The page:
We know her now as a superbly talented musician and songwriter with a lilting, sweeter-than-sugar voice that laced the tracks in her debut album Forever and Then Some – and she’s coming to San Francisco this Wednesday, the 6th of September. But 27-year-old Lillie Mae Rische’s love affair with music began years ago, right from when she turned three. Her father, Forrest Carter Rische, was a traveling musician who taught her to sing and eventually, together with her siblings, Lillie Mae joined in on the performances that the Rische family band gave as they journeyed along the American highway in a mobile home. Together, the Risches entertained folks across America.
This nomadic lifestyle gave her the opportunity to grow up in the company of other well-traveled singers, songwriters, musicians, and bands, but it didn’t prevent her from having a sheltered childhood, rooted in religious beliefs and protected from anything her parents believed was too materialistic. This strengthened the bonds Mae shared with her sisters Scarlett, Amber-Dawn, and McKenna Grace, and her brother Frank Carter Rische.
It’s a classic American story – the music, the highway life, the religion; but above all, it’s about talent. Later in life, Lillie Mae and her siblings came together to form their own band, christened The Risches, and were regular performers at Layla’s Bluegrass Inn, a cozy, spirited bar on Nashville’s Broadway.
To this day, Lillie Mae looks back on her time at Layla’s with an obvious pride, perhaps because that was the scene of so many unforgettable performances in collaboration with her family. Later, the close-knit band, whose bluegrass-pop-country fusion music was a huge hit with both audience and the press, changed its name to Jypsi and went on to release their self-titled debut album in 2008.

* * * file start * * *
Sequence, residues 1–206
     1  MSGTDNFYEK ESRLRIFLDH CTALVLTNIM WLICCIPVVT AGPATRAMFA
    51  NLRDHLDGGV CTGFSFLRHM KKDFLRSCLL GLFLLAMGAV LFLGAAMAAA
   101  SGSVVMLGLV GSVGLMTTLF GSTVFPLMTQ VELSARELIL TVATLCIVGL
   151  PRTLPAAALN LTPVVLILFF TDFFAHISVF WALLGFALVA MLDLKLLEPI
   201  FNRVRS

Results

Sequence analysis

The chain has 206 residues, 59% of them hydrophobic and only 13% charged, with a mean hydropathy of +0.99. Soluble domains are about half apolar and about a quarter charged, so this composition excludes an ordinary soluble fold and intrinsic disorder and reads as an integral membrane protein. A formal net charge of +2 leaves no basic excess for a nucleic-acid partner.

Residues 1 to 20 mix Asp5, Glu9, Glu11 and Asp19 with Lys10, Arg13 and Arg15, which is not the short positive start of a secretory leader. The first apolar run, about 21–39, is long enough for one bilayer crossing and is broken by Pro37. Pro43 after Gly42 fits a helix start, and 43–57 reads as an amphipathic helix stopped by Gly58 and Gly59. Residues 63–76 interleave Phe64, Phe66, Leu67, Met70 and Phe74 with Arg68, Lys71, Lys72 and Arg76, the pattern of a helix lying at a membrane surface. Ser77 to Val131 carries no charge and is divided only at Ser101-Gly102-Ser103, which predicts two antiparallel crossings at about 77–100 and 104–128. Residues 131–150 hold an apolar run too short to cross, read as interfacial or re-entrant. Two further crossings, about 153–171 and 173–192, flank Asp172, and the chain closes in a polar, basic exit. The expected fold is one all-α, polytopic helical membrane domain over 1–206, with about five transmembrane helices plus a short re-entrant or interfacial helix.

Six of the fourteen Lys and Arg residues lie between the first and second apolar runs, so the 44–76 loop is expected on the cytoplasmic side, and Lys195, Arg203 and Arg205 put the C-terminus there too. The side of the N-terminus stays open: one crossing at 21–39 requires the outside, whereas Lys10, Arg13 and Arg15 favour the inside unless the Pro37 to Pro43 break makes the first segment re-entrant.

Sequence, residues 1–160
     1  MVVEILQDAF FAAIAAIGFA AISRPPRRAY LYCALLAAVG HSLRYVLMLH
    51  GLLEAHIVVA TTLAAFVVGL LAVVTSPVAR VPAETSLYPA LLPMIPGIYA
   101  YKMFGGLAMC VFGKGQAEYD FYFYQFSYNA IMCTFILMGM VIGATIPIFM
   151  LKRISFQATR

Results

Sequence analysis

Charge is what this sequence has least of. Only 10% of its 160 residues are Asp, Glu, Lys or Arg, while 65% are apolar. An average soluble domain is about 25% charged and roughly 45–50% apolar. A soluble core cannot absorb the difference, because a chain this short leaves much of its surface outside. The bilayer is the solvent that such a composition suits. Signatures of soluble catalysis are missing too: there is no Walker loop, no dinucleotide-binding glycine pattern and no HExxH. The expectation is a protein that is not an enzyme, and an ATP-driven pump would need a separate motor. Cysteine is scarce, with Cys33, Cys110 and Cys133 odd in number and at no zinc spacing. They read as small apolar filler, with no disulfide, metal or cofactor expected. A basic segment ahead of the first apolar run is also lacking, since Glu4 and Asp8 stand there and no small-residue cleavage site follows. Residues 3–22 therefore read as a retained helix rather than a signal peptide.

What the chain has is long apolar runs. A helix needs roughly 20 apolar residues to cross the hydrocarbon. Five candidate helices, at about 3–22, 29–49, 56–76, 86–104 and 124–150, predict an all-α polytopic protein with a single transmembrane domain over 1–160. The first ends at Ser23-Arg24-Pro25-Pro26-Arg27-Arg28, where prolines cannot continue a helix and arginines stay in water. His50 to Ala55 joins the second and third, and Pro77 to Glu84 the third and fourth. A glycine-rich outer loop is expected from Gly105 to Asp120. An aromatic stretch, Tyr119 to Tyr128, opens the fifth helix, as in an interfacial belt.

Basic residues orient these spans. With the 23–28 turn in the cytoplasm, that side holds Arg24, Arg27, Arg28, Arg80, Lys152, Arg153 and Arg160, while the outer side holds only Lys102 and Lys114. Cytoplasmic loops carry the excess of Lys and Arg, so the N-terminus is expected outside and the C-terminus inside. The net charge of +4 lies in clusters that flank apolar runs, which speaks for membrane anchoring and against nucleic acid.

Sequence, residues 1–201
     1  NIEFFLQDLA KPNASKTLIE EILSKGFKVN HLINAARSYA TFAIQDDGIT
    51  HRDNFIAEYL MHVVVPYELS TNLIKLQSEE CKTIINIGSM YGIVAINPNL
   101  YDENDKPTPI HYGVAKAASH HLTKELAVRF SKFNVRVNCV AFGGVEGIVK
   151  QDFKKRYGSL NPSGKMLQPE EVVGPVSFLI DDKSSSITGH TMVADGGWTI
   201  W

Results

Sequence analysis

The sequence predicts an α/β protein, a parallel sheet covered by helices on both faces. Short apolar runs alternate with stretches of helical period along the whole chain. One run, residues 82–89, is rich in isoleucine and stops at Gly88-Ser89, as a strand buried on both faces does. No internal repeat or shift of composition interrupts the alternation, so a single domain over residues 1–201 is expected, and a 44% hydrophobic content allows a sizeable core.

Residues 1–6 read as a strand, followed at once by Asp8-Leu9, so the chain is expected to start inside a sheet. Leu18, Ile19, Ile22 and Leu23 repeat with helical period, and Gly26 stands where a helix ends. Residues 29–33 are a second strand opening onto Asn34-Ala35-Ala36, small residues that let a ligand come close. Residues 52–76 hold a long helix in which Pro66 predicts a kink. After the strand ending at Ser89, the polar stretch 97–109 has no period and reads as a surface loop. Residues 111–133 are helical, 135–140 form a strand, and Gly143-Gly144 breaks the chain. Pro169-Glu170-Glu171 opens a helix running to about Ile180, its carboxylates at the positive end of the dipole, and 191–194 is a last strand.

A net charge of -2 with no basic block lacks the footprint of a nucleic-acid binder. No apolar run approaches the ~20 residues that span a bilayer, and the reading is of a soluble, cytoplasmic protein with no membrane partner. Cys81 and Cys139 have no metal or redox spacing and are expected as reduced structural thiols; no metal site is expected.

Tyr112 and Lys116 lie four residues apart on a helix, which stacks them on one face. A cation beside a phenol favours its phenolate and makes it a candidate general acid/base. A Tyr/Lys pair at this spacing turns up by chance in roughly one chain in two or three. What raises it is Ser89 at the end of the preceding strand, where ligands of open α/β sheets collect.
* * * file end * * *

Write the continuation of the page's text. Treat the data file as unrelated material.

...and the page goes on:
Aside from her musical family, there have been a couple of huge influences on Lillie Mae’s music. Among them was Cowboy Jack Clement, an exceptionally skilled musician, songwriter, and record and film producer. Clement recognized the wealth of talent that the Rische siblings possessed, and encouraged them to cultivate their unique voice. Lillie Mae: “Cowboy was closer to me than any grandparent I ever had. His influence on me is still strong. He always pushed me to play different instruments; he saw how I would pick up everything in the studio. He was a good friend to me and we remained close until he passed away.” It’s American song and the artist’s life that’s made Lillie Mae; but it’s the inheritance too, of the talents that have gone before her, than come through in every song.
And of course, no account of Lillie Mae is complete without a mention of Jack White, no stranger to great stories and great music from the American expanse himself. Mae shares a rare musical chemistry with White, and she recorded her first album under White’s label, Third Man Records, writing and arranging the songs while her brother Frank handled the guitars and her sister Scarlett strummed on the mandolin.
The album, which was released earlier this year, was loved by fans and critics alike – and now it’s time for it to hit San Francisco, Wednesday 6th September at Café du Nord.
Lillie May plays the Cafe Du Nord on Wednesday, Sept. 6 – Doors 7:30 PM / Show 8:30 PM